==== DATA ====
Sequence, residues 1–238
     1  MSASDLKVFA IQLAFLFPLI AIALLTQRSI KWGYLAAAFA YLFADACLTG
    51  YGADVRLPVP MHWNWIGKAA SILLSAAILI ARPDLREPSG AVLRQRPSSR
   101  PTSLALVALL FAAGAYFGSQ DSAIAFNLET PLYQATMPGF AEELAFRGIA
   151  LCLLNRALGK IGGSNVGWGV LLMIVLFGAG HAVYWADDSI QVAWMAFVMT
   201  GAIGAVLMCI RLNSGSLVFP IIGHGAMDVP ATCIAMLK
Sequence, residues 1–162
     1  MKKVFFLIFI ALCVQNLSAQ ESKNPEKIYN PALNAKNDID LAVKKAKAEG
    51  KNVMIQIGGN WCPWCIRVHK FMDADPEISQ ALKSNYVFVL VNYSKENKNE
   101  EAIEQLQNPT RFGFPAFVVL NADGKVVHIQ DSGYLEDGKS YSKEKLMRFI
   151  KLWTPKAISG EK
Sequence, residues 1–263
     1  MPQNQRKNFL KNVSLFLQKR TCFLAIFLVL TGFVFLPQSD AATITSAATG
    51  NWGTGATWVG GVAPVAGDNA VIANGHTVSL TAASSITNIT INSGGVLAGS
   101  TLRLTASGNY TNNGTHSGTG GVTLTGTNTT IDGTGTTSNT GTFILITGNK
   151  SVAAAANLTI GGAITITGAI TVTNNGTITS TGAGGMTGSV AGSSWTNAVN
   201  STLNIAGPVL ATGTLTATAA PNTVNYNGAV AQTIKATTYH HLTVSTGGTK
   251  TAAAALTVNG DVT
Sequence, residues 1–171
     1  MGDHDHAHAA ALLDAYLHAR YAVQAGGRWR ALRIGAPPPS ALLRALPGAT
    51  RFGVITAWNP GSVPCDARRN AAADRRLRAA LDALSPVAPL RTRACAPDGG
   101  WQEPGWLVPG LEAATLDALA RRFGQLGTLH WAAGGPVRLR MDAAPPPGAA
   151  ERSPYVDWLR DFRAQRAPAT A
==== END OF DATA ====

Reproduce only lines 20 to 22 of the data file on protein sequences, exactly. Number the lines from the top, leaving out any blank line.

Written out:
     1  MGDHDHAHAA ALLDAYLHAR YAVQAGGRWR ALRIGAPPPS ALLRALPGAT
    51  RFGVITAWNP GSVPCDARRN AAADRRLRAA LDALSPVAPL RTRACAPDGG
   101  WQEPGWLVPG LEAATLDALA RRFGQLGTLH WAAGGPVRLR MDAAPPPGAA